I've seen huge butchers blocks that essentially is a table with a butcher block top. How do you clean such a thing if you can't wash it in the sink? Should those blocks only be used for vegetables and not meat because it can get messy and hard to clean (oil and 'juices')?

2 Answers 2


You can certainly cut meat on these, I have a large end-grain cutting board that is too large to wash conveniently in my sink.

There are a number of methods to clean them:

Soap and Water

Soap and hot water are best for regular cleaning. Just get a rag or brush and scrub it. Dish soap is just fine for this use. Make sure to rinse and dry it thoroughly.


If you don't mind the smell you can use undiluted white vinegar to clean and sanitize your surface. If you keep some in a spray bottle you can just spray it down and wipe it with a paper towel. If you have a big oily mess, I'd suggest starting with the soap & water method, and finishing up with vinegar.

Vinegar is apparently very effective at killing microbes, surprisingly more effective than harsher quaternary ammonium solutions.


A little goes a long way with this. You only need a teaspoon or two for a quart of water. Just spray it down thoroughly, let stand 5 minutes. Finish with rinsing and drying. Like vinegar this is best as a followup to soap & water for a really messy board.


If you have strong garlic, onion, fish, or other smells in your butcher block you can cut a lemon in half and rub the board down with the halves. Lemon juice is a weak antiseptic, so this should be used primarily for odor control and not as a sanitization substitute.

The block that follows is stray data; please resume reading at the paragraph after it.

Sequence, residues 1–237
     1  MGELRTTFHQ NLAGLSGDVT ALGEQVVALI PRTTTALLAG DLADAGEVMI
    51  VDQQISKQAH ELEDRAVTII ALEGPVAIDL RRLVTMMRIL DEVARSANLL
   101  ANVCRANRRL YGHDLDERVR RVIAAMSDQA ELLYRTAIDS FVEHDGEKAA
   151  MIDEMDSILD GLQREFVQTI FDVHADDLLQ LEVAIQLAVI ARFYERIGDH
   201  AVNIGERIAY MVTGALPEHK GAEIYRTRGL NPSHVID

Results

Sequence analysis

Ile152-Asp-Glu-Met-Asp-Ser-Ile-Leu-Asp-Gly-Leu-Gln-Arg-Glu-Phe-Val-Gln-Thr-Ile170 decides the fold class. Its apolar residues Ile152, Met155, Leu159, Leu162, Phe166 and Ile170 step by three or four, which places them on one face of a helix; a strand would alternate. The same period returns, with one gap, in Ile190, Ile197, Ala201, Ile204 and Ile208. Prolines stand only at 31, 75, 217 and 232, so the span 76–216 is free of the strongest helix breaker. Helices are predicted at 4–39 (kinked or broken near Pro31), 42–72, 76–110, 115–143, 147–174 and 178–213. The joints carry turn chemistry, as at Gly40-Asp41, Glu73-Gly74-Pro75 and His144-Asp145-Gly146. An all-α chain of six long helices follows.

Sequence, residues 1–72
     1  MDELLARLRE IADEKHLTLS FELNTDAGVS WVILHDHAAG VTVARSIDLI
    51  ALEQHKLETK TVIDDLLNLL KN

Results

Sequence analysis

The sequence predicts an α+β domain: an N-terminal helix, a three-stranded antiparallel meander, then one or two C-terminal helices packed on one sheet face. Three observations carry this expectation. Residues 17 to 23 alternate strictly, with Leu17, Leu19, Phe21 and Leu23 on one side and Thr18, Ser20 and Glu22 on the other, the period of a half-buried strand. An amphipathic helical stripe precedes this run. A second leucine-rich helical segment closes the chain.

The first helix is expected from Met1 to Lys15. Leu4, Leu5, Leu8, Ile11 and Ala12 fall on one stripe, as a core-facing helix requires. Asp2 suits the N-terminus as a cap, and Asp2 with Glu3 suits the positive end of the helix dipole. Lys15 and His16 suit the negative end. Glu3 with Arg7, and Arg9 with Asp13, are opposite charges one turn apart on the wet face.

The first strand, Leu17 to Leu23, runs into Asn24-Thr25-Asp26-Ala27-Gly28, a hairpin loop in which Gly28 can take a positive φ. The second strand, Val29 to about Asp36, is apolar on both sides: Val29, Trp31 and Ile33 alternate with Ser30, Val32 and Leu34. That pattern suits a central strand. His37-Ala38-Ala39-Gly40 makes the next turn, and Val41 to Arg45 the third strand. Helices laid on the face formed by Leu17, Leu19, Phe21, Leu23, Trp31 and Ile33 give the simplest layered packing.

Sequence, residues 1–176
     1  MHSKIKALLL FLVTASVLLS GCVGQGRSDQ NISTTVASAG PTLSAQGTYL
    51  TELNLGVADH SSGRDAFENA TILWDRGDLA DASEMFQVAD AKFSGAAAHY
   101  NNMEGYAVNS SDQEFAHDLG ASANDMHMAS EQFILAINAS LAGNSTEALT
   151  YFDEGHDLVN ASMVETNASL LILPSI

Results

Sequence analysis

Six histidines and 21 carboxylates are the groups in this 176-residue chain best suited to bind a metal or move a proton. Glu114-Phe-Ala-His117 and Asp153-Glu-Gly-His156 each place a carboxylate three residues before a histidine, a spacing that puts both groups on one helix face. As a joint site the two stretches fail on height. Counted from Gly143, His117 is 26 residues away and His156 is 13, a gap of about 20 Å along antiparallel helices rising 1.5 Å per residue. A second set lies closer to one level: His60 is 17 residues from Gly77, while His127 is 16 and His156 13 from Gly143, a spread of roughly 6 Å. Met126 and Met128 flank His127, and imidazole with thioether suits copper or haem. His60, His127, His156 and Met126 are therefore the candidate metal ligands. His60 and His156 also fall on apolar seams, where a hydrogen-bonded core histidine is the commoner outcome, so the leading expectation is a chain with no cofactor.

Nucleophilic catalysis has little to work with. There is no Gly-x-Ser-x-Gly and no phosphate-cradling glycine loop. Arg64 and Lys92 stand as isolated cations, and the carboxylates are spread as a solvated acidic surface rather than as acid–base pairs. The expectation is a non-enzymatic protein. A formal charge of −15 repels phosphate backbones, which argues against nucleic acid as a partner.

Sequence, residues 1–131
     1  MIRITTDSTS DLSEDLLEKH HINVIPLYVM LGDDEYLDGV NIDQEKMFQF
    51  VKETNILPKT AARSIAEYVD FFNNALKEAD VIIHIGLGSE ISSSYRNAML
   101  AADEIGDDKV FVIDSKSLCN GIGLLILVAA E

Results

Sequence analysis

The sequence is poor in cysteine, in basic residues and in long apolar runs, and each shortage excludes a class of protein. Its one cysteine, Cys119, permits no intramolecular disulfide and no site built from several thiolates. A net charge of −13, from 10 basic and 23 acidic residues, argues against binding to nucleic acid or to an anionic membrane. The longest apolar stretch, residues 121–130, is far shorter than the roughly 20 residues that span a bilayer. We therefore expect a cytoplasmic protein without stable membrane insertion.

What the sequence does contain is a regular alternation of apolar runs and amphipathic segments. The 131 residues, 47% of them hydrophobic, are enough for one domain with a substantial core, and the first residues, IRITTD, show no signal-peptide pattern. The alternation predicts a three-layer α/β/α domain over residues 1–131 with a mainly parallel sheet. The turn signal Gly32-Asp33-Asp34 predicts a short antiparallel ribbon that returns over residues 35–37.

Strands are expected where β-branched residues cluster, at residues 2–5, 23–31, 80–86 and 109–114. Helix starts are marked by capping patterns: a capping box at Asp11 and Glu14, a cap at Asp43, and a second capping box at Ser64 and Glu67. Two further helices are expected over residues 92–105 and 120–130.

Note that regular cleaning also requires regular seasoning of your block surface. You should oil your board/block once a week, or more with frequent use.

See also:

  • 1
    +1, We recently switched to vinegar as our main surface cleaner in our kitchen. It works really, really well. I was kind of surprised.
    – yossarian
    Oct 9, 2010 at 13:20
  • Vinegar is also cost-effective, too. :)
    – milesmeow
    Oct 9, 2010 at 17:27

Professionally you scatter the surface with sawdust and then 'scrub' the surface (dry) with a metal brush. This takes off the top surface and removes any blood, etc, which is why if you see an old butchers block or one that has been in good use it will be worn down considerably. In a domestic setting I suppose that would be more difficult (but by no means impossible). Vinigar is an excellent cleaner, as Hobodave and Yossarian said, but I wouldn't use bleach on a butchers block, or wood in general really. Better for plastic chopping boards if you are going to use it.

  • I can confirm this. When I worked in a butcher's, I had to scrub the block down with a hard metal brush. May 29, 2012 at 21:11
  • Wow...so over time you can see your block get thinner or develop a depression?
    – milesmeow
    Nov 5, 2012 at 1:00

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